Over 10,000,000 Items Recalled For Lead Contamination In 2007

With the recall of some Thomas & Friends and Sponge Bob toys on August 22, the total number of products recalled due to lead contamination in 2007 reached 10,020,300, according to data from the Consumer Product Safety Commission. None of the items were manufactured in the US, so the recall responsibility and cost falls squarely on the shoulders of the US importers. We took at look back at 2007’s lead recalls to try to understand the scope of the problem.

Which Stores?

Most big-box stores have already had lead-related recall this year. Walmart exclusive earrings were recalled, as were Target exclusive Anima Bamboo play-sets. Kmart jewelry was recalled as well.

Is This Just A “China” Problem?


Although most of the recalled products came from China, there were two recalls of jewelry made in India and two from Hong Kong. (Hong Kong is a “special administrative region” of China but is considered separate from China by the CPSC.) Ultimately, the responsibility for the recalled products is on the US company that imported them.

What Types Of Products Are Most Often Contaminated?

highschool.jpgThe lead contaminated products are a diverse bunch—from lead snaps on children’s clothing to lead-based paint on toys, as well as jewelry with lead contaminated clasps and chains.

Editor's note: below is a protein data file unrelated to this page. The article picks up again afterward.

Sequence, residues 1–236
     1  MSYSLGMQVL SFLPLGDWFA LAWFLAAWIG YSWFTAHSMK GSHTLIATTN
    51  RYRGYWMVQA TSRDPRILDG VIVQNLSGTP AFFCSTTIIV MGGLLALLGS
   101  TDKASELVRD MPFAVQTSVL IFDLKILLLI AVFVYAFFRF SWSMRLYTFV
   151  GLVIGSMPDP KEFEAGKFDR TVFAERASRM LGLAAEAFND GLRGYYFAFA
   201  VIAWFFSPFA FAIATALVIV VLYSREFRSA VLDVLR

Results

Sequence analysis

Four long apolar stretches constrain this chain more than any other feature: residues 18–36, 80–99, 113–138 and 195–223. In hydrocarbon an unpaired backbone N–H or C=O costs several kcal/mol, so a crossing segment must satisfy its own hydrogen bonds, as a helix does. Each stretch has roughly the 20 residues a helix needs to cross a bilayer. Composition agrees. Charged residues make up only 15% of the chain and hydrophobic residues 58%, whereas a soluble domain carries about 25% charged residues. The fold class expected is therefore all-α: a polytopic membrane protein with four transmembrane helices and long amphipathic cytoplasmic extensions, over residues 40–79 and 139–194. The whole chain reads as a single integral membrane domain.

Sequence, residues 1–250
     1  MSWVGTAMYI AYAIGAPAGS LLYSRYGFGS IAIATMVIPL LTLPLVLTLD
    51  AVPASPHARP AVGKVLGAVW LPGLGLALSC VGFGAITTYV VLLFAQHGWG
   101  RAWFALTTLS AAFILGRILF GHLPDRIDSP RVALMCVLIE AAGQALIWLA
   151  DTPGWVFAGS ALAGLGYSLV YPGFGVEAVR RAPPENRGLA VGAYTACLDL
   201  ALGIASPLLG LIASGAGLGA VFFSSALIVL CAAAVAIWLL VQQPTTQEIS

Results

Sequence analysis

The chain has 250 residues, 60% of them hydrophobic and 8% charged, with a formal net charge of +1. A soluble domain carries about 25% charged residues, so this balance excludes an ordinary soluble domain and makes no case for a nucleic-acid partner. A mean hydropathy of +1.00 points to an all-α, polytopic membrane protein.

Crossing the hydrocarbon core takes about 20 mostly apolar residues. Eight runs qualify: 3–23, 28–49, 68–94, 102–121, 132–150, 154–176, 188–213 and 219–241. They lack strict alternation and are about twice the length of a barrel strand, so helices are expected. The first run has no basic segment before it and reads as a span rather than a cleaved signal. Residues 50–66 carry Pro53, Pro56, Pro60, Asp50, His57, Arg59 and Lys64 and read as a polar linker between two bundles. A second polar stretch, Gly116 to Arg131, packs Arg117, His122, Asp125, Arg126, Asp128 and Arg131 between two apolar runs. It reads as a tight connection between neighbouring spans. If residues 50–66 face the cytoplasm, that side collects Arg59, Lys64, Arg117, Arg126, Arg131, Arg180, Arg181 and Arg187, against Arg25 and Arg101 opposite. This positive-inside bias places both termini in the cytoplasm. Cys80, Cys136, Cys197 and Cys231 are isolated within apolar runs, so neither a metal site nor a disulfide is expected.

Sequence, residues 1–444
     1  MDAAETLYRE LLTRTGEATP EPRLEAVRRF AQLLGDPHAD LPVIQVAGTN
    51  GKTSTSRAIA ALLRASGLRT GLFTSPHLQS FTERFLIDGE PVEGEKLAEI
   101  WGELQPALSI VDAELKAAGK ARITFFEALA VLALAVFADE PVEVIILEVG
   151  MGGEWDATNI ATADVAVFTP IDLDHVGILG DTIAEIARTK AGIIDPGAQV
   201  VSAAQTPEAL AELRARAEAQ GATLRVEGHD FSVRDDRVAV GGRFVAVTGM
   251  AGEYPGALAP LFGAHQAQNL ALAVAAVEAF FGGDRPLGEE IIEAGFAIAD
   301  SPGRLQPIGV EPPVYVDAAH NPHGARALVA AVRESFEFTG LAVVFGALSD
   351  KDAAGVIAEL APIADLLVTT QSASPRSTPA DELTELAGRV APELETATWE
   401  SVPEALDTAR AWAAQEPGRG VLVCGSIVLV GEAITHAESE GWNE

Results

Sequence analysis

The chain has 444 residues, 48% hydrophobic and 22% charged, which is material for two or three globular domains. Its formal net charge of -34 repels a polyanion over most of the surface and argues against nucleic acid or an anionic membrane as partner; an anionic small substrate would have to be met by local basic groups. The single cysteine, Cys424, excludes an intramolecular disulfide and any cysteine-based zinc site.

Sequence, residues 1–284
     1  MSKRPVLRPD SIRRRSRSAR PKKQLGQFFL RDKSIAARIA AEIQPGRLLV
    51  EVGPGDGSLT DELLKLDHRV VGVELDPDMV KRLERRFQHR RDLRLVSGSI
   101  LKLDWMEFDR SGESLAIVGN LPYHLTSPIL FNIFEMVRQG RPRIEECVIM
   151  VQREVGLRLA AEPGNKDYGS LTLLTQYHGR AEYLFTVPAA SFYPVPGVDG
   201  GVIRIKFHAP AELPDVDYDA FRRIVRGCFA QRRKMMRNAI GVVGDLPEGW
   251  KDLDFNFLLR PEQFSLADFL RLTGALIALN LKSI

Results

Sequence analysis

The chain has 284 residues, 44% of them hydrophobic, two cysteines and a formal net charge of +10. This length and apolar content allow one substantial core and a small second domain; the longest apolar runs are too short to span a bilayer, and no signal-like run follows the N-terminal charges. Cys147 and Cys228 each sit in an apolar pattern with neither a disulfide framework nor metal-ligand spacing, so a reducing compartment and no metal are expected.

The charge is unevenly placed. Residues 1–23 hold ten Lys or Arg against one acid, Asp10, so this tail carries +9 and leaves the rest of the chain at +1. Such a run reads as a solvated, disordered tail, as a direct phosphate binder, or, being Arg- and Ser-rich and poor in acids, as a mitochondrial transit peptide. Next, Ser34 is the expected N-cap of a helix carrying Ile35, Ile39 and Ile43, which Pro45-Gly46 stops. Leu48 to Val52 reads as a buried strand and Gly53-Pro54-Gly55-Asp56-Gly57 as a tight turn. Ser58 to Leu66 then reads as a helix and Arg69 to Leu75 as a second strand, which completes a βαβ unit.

In addition to the well-known recalls of Thomas & Friends and Fisher-Price toys, lesser talked about recalls of souvenir gift shop jewelry and trinkets from vending machines were common. Some recalled jewelry featured popular Disney characters and movies and was sold at outlets like Limited, Too.

What Should Parents Do?

There’s not a whole lot you can do, unfortunately. We’d recommend paying close attention to recalls and to avoid giving cheap metal jewelry to young children.


Edit Your Comment

  1. Chris H says:

    Could you provide a link to the source data or the exact source of that chart?

  2. lestat730 says:

    disturbing, That is a whole lot of products right there and when you think about it the average consumer never even finds out about recalls….

  3. phobs says:

    I would like to see how this relates to the number of any/all recalls.

  4. phoenixcat says:

    You know, the scary thing about this, is how so many people just ignore the warnings as just another thing in the world.. My sister has some of the toys that were recalled, and is keeping them- for when they are older– what the hell is that about?

  5. revmatty says:

    “Ultimately, the responsibility for the recalled products is on the US company that imported them.”

    Wow, that’s the sort of sentiment that has been noticeably been lacking on this site in most discussions of recalls. I strongly suspect that the relative percentages for China -vs- India track pretty closely to the percentage of total products imported from China -vs- India.

  6. Plasmafire says:

    It looks like it might be worth investing in a company that makes lead test kits.

  7. girly says:

    Anybody remember the lead mini-blinds from 10-15 years ago–I’ve been suspicious ever since then!